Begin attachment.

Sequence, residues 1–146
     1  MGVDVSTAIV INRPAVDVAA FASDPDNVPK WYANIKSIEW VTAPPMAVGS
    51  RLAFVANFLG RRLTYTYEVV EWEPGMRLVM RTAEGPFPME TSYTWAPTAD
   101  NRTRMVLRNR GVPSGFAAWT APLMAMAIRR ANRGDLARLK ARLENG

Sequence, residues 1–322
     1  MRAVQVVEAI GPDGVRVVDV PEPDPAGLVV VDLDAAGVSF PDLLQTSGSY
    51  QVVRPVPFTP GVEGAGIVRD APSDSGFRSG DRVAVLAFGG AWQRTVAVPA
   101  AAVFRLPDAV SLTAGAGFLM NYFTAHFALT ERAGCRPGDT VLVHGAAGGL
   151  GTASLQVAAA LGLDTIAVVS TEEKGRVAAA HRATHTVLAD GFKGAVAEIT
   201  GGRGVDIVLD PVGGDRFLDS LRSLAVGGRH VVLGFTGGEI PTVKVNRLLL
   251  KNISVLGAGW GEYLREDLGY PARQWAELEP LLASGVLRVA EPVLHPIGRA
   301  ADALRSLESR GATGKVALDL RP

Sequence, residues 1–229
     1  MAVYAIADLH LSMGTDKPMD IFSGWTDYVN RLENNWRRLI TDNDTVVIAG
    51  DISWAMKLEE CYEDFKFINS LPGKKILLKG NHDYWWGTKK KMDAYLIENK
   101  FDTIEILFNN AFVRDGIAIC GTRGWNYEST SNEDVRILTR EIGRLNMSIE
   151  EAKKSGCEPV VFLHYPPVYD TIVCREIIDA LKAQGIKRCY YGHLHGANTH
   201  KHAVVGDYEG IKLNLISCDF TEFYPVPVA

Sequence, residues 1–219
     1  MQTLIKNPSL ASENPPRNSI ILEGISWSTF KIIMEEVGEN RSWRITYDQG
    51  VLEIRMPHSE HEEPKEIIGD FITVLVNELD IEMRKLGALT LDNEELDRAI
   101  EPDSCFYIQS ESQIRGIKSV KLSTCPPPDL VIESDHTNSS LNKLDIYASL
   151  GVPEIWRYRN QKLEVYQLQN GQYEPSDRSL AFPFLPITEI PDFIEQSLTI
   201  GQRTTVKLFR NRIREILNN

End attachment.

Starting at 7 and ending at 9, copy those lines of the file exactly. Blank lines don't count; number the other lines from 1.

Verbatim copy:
    51  QVVRPVPFTP GVEGAGIVRD APSDSGFRSG DRVAVLAFGG AWQRTVAVPA
   101  AAVFRLPDAV SLTAGAGFLM NYFTAHFALT ERAGCRPGDT VLVHGAAGGL
   151  GTASLQVAAA LGLDTIAVVS TEEKGRVAAA HRATHTVLAD GFKGAVAEIT